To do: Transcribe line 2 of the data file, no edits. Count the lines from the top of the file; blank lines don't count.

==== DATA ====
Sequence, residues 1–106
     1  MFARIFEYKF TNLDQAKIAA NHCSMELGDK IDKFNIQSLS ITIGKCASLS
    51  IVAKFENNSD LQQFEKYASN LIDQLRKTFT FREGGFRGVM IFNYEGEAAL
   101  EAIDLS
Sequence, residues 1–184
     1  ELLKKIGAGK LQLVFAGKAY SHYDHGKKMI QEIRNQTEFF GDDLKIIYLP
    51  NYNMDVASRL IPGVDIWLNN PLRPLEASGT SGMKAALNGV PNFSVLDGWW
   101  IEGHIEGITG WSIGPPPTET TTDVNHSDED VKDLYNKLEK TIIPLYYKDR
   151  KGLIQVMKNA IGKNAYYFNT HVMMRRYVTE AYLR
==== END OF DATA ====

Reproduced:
     1  MFARIFEYKF TNLDQAKIAA NHCSMELGDK IDKFNIQSLS ITIGKCASLS